Want to help dogs get adopted? Take one on an excursion.

Coco, 2, is seen before she goes on a field trip through Animal Care Services’ Shelter Paws program.

Contributed photo

Eighteen-month-old Princess arrived at San Antonio Animal Services in mid-summer after being neglected. ACS placed her in foster care before bringing her to the shelter for adoption.

“Princess was ‘Pittie,’ an American Staffordshire terrier and a big girl,” said Lisa Norwood, public relations manager for ACS. “As an older pit bull type dog, he didn’t attract much interest and the few adoption inquiries he had turned down.”

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In early September, however, a couple volunteered to take the Princess on a four-hour adventure, during which they visited a dog-friendly restaurant, went for a long walk and hung out at the couple’s home, where she played with a dog box . games, said Norwood,

“The Princess came back happy and peaceful,” Norwood said. “It’s positive energy versus the crazy energy of being in a kennel with a million dogs sniffing around.”

The Princess day was part of ACS’s Shelter Paws program, which matches neglected dogs in need of enrichment with volunteers willing to take dogs on mini-adventures. Launched five years ago, Shelter Paws was meant to de-stress dogs and improve their mental health so that adopters could better see their personalities and want to take them home.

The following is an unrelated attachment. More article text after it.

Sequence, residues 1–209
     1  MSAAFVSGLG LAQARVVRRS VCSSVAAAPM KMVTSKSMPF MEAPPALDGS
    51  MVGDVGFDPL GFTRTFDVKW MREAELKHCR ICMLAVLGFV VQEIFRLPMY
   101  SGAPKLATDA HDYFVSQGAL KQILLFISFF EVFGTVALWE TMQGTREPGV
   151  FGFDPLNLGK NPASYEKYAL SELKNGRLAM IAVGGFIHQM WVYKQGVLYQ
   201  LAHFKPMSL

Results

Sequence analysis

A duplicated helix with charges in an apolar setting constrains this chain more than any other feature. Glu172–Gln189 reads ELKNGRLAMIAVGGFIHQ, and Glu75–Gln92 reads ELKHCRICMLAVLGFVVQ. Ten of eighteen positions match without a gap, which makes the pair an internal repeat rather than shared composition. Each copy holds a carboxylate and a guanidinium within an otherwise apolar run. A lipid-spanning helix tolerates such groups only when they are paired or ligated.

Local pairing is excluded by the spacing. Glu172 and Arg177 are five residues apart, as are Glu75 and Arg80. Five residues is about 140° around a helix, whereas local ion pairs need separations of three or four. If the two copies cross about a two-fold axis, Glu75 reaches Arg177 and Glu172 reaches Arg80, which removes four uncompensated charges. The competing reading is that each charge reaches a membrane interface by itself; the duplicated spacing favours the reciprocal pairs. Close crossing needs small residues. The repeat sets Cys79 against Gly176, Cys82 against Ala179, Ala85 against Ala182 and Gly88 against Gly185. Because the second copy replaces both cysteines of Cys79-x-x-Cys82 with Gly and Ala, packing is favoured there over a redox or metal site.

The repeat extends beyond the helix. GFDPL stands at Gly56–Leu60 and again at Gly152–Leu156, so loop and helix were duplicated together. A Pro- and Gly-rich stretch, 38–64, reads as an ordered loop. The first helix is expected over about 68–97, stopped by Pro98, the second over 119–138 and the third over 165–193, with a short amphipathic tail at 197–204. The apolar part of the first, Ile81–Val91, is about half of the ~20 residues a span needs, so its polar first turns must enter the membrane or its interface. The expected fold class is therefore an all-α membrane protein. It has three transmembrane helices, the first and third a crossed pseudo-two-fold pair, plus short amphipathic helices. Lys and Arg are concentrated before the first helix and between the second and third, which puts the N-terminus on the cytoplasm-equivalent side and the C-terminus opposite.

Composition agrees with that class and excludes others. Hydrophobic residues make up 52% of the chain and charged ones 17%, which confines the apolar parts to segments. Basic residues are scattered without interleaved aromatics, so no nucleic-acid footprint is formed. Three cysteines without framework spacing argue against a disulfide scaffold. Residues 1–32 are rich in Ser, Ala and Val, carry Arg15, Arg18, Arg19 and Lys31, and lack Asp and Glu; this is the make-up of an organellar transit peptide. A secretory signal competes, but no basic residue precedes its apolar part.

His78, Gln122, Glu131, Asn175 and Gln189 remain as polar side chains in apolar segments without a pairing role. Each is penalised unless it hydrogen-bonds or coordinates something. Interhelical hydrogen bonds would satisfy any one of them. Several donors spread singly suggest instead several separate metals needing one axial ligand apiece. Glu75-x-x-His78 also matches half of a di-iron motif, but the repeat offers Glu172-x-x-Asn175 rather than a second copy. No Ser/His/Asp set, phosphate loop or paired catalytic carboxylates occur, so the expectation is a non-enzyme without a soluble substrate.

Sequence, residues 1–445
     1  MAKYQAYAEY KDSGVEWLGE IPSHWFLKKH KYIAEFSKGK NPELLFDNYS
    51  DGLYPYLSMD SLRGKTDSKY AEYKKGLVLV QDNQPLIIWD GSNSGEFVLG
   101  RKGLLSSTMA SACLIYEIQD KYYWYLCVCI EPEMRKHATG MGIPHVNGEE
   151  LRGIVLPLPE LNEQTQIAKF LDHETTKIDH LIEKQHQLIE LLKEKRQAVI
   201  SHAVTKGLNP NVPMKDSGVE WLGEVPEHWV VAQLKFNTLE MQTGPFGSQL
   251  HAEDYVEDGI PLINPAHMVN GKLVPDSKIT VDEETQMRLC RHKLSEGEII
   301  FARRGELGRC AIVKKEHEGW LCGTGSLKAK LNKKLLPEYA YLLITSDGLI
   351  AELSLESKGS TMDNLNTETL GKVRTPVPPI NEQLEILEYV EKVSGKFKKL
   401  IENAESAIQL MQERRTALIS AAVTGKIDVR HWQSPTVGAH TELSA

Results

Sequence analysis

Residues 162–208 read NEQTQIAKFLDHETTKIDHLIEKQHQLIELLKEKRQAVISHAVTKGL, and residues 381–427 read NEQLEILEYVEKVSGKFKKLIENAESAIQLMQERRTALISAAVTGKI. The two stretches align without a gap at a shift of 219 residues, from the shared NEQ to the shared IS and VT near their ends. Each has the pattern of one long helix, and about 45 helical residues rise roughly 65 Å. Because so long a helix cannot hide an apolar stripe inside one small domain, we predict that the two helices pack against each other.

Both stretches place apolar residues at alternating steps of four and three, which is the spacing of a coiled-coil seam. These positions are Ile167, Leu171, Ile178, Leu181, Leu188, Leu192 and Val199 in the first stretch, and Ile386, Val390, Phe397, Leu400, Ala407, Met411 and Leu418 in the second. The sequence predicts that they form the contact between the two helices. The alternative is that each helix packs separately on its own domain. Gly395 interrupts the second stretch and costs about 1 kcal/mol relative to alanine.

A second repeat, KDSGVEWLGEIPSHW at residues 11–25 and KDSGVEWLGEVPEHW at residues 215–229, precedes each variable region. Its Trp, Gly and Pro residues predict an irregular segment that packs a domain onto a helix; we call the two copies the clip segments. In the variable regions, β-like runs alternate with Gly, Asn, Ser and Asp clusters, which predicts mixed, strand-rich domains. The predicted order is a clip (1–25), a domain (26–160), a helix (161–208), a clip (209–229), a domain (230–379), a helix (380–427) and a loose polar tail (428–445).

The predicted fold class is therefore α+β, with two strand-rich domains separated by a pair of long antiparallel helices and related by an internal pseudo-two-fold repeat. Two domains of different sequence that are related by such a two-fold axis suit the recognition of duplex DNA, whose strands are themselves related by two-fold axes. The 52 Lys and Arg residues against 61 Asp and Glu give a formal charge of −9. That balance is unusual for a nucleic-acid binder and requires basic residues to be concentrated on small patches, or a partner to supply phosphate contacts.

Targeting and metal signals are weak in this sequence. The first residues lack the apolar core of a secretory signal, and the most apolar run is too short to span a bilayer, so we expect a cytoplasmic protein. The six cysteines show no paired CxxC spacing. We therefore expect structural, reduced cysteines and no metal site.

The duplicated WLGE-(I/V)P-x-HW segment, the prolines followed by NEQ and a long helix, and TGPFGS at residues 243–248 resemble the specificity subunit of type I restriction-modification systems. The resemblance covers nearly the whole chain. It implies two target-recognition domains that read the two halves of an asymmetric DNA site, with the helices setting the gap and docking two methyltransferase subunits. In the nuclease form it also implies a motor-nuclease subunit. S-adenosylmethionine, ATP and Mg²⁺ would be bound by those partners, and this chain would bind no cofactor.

Volunteers fill out online applications and ACS matches them with a dog.

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“We want to make sure we’re sending dogs that need that enrichment, not someone who came in yesterday,” said Alysia Lavender, live release supervisor at ACS.

Volunteers take a backpack with a water bowl, water, treats and pamphlets on dos and don’ts, as well as places to take the dog, rain or shine, during their outings. Volunteers can take their dogs for a walk, to a pet store or pet-friendly restaurant, or even just to their home to hang out.

“We encourage people to take pictures, selfies and live-stream on social media to promote the dogs in real time,” Norwood said. “This gives us real-time promotion while the dogs are out – and that can increase their chances of adoption.”

Volunteers also fill out a report card that lets prospective adopters know more about the dog’s personality, which is used to enhance the dog’s online profile.

The before and after photos speak for themselves. The princess and 2-year-old Coco, another dog who participated in the program, look scared and anxious in their earlier photos. But during and after their outings, both dogs are all smiles.

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Shelter Paws is a great volunteering opportunity for individuals, couples, families and even businesses looking for an unforgettable staff bonding day. So why not volunteer a dog an adventure and a chance to shine at the shelter? Sometimes, a smile is all it takes to attract a potential adopter. It worked for Princess and Coco. Both were adopted within days of their adventures.

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